The ripple effect from the U.S. Supreme Court’s ruling in Dobbs v. Jackson Women’s Health Organization has prompted the federal Office of Health and Human Services (HHS) to reinforce core principles of privacy compliance. HHS issued guidance to re-educate providers and patients on what constitutes protected health information (PHI) and the circumstances in which it may be disclosed, or exposed, to third parties.

This summer, in the wake of the decision that overturned Roe v. Wade, President Joe Biden and HHS Secretary Xavier Becerra encouraged measures to protect access to abortion, pregnancy complications and other services related to sexual and reproductive health care. In response, the HHS Office for Civil Rights (OCR) issued new guidance for both patients and their providers addressing how laws such as HIPAA protect PHI from disclosure to third parties, and the extent to which this information is protected on personal digital devices.

Key takeaways:

  • Disclosures of medical records for purposes unrelated to health care, such as to law enforcement officials, are only permitted without authorization as expressly allowed by the Privacy Rule.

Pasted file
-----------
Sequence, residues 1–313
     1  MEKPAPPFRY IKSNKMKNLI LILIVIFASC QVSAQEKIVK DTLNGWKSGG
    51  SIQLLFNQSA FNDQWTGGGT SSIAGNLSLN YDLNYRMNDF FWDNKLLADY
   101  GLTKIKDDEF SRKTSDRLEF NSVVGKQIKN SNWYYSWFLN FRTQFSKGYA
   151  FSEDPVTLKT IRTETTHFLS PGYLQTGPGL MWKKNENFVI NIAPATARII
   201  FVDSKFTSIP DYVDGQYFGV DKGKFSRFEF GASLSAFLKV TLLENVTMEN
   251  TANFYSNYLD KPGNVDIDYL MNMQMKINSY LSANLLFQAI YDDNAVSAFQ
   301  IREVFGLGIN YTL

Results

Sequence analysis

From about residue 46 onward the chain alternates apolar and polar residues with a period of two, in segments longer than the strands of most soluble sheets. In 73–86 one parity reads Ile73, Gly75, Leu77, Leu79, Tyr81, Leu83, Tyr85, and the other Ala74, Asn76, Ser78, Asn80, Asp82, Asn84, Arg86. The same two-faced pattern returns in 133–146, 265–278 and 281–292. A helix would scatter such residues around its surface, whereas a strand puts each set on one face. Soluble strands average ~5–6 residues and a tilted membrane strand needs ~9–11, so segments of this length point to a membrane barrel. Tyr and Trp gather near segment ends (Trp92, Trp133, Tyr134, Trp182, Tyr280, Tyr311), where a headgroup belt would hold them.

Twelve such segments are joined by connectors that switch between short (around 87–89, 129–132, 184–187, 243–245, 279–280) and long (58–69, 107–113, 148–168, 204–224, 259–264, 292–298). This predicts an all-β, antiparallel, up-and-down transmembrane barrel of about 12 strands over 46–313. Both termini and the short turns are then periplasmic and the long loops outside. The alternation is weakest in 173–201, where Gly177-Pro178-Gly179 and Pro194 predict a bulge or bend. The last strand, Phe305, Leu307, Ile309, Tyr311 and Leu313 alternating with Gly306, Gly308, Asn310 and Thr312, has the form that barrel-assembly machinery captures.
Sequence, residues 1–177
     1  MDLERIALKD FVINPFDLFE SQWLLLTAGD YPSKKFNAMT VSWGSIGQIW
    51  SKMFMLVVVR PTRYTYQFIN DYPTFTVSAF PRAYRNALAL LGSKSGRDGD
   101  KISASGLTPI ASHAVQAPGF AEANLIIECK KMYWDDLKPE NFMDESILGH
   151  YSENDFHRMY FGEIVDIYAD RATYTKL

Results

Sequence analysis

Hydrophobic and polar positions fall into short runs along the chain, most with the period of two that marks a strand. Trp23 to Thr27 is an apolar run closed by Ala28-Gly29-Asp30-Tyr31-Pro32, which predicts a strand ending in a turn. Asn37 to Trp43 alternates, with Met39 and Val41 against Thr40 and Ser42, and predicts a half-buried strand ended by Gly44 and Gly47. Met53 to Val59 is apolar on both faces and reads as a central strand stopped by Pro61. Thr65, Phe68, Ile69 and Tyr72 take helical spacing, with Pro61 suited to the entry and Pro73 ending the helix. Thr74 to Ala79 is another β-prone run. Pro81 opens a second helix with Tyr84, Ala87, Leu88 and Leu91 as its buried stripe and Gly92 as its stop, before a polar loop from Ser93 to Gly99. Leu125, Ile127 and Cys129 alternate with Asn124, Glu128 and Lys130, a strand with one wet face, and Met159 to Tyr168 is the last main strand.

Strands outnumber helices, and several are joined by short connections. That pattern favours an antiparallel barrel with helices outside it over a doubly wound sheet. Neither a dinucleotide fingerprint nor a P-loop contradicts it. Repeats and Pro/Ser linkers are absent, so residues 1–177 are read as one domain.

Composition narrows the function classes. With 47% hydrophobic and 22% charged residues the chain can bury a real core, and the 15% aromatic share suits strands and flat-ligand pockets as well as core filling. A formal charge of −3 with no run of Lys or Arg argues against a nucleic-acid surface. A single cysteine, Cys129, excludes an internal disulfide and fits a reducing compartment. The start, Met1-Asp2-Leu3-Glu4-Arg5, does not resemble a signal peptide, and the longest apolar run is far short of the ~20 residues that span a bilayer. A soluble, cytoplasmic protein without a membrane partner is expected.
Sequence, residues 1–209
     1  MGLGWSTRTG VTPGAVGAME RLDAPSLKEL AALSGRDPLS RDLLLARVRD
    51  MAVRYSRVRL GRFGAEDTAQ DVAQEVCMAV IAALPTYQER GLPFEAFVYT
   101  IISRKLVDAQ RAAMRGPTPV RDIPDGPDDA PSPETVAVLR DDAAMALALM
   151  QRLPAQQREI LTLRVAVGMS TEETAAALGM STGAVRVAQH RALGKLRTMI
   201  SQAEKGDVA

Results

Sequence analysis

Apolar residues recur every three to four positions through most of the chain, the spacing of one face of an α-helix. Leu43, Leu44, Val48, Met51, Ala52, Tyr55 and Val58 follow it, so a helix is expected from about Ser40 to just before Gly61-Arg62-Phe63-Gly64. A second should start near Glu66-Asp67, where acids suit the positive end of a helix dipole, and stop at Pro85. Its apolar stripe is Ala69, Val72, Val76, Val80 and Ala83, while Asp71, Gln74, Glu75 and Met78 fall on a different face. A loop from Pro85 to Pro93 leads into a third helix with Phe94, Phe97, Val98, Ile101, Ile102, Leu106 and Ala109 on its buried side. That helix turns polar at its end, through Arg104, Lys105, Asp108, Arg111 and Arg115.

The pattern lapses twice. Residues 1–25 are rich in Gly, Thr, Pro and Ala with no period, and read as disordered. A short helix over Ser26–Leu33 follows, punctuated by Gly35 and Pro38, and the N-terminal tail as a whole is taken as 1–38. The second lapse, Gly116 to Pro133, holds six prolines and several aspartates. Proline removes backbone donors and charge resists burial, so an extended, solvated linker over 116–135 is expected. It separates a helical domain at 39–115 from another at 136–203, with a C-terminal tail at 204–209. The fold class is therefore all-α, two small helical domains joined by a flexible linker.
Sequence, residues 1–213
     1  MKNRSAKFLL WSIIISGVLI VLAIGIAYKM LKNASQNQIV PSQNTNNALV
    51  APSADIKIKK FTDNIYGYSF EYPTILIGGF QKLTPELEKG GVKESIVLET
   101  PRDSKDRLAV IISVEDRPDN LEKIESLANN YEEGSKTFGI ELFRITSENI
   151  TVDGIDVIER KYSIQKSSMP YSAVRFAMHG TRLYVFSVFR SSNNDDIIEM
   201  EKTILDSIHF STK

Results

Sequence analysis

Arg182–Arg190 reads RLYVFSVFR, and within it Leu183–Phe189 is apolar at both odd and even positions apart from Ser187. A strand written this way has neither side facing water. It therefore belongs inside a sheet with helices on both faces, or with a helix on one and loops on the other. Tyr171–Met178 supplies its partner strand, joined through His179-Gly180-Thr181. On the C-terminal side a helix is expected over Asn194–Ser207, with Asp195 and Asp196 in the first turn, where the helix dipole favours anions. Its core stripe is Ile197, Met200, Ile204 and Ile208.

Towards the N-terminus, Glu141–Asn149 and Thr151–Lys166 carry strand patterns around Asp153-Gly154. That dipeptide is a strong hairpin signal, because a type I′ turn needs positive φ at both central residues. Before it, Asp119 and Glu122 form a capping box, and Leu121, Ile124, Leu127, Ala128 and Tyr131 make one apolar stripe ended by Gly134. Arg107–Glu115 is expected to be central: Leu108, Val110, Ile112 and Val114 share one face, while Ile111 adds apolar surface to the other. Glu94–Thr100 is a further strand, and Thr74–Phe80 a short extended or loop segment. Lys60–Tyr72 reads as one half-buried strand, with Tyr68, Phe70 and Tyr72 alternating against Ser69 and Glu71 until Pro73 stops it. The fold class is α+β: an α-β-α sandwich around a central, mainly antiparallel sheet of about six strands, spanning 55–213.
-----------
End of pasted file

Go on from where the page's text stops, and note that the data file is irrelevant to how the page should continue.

• Federal and state regulations should prioritize a commitment to the individual’s privacy and right to seek health care, including across state lines.
  • Concerns about lawmakers investigating period trackers, other health apps, payment records and even browsing data can be allayed by turning off location services and by selecting apps, browsers and search engines that support user security and privacy.  

As part of the guidance, HHS indicated its Office of Civil Rights (OCR) would make investigations of privacy rights violations an enforcement priority.

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